Virginia Beach Fishing Pier crash shocks community, mars iconic public landmark

VIRGINIA BEACH — As the sun rose over the ocean the morning of Jan. 27, the unexpected happened at the Virginia Beach Fishing Pier.

Someone drove an SUV through two sets of metal gates, down 650 feet of wooden pier, through the deck railing, and off the edge of the structure into the frigid water below.

Dangerous current conditions stalled recovery efforts for nearly a week, until the ocean calmed enough that the vehicle could be hauled out of the water by a crane Friday morning.

Video that captured the vehicle going off the iconic public landmark was widely shared online, fueling public curiosity. On Thursday afternoon, people walking by the pier stopped to look at a makeshift memorial of posters, stuffed animals and flowers placed along the Boardwalk rail.

Dozens more gathered on the Boardwalk Friday morning as a crane barge positioned at the end of the pier hoisted the upside-down vehicle out of the water. Some of the onlookers livestreamed video to social media or snapped photographs with their cell phones.

One body was inside the recovered vehicle and appeared to be an adult male, according to a police spokesperson. Police have not identified the driver, though they’ve said they are looking into similarities to a reported missing man.

Days after the incident, with few concrete answers about what happened and why, the community is still reeling.

“Everybody’s struggling with it because we’re all shocked,” said Dee Nachnani, president of the Atlantic Avenue Association, a community organization in the resort area. “It is something so unusual that it’s unprecedented.”

The group held its quarterly meeting this week and discussed the pier crash.

The 74-year-old wooden fishing pier sits between 14th and 15th streets and runs about 650 feet over the ocean. It’s widely recognized as a symbol of the Virginia Beach Oceanfront and is frequently featured in the city’s promotional materials.

Breathtaking sunrises over the pier are often captured by both professional and novice photographers. Considered a popular destination for both locals and tourists, the fishing pier is visible from all points on the Boardwalk. But this week, sheets of wood blocked access to the fishing end of the pier where a wall was damaged. Yellow police tape is strewn across the area.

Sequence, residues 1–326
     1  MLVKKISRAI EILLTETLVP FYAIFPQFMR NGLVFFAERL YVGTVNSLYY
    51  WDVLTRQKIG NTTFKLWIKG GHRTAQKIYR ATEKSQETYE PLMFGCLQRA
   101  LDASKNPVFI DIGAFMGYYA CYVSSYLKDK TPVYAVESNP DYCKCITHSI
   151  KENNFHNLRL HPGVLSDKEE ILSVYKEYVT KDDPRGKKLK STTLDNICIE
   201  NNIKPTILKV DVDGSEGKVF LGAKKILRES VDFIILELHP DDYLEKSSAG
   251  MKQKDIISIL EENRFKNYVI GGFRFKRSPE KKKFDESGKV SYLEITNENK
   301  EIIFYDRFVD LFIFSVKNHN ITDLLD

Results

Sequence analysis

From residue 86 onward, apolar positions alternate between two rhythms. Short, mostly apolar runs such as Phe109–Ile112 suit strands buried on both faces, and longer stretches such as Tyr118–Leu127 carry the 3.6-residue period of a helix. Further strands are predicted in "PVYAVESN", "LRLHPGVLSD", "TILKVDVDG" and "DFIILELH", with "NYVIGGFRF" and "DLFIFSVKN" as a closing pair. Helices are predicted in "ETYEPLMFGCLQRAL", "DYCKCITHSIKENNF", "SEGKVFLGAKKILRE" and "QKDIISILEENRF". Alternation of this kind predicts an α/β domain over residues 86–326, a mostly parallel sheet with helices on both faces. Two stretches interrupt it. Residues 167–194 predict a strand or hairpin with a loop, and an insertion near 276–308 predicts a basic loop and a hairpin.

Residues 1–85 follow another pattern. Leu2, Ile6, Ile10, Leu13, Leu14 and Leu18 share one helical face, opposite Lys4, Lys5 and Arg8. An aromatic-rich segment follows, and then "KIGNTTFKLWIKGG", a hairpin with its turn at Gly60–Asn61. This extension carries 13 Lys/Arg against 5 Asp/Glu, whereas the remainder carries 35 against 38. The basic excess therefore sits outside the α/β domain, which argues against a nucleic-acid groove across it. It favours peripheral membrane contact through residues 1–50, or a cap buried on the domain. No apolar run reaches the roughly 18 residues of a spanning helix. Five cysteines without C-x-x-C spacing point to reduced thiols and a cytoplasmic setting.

“It’s been a fun place for so many years,” said Betty Lachman-Tucker, who was also stunned by the crash. “It’s just a tragedy for everybody.”

The Lachman family, along with the Murdens and the Bonneys built the pier. It opened in 1950, and was originally 1,000 feet long.

John Zirkle, president of the Virginia Beach Hotel Association, heard the news Saturday morning.

“Who would have thought something like that would happen?” he said.

It’s a refrain heard throughout the community, especially because it took place in such a well-known, familiar location.

A teenager who was running on the Boardwalk and had stopped to take a video of the sunrise recorded the incident on her cell phone camera.

Bruce Whitfield, manager of the Pier Gift Shop, watched the video, which shows the car driving down the pier and off of the end of it.

“I was taken aback because it looked like they slowed down,” Whitfield said. “It got you thinking about maybe cold feet, second thoughts.”

The pier and the businesses that call it home have generally embodied a positive vibe through the years. It’s where families enjoy casting a line into the sea, browsing kitschy souvenirs in the gift shop and celebrating special occasions at Ocean Eddie’s restaurant. During the holiday season, the pier is a focal point where a display of Santa’s sleigh and reindeer seemingly mid-air is illuminated.

Lachman-Tucker’s family continues to own and operate Ocean Eddie’s. On Saturday morning, the cooks arrived only a few minutes after the car crash.

“I was just so glad our employees were not behind that second gate,” she said.

But this is not the first time the pier has been cast into the limelight under unfortunate circumstances.

Hurricane after hurricane has battered it, knocking hundreds of feet of splintered timber into the ocean. The owners rebuilt sections only to see the next big storm damage it again.

In 1999, after a Coast Guard helicopter rescued a sailor in distress, strong winds and churning waves tossed his abandoned sailboat, The Windermere, into the pier. Pounding surf nearly buried the 37-foot craft in the sand and caused thousands of dollars in damage to the pier pilings and deck railings.

“The mast came up through the pier between the ticket booth and the tackle shop at that time,” said Lachman-Tucker.

Photos: Virginia Beach Fishing Pier through the years

In recent years, the pier was eyed for redevelopment as the original owners sought to sell it. Several groups tossed around ideas that included replacing it with a concrete structure, adding a giant Ferris wheel and a new hotel.

In 2022, the Sibony family, who also own a chain of Sunsations gift shops on Atlantic Avenue, bought the pier. The new owners lease space to the existing businesses, which remain open. They’re assessing the damage and plan to make repairs so that the fishing area can open in the spring.

And while there are still many unanswered questions, the community hopes to be on the mend soon, too.

“Our hearts go out to the family,” said Nachnani. “It’s just truly sad.”

Stacy Parker, 757-222-5125,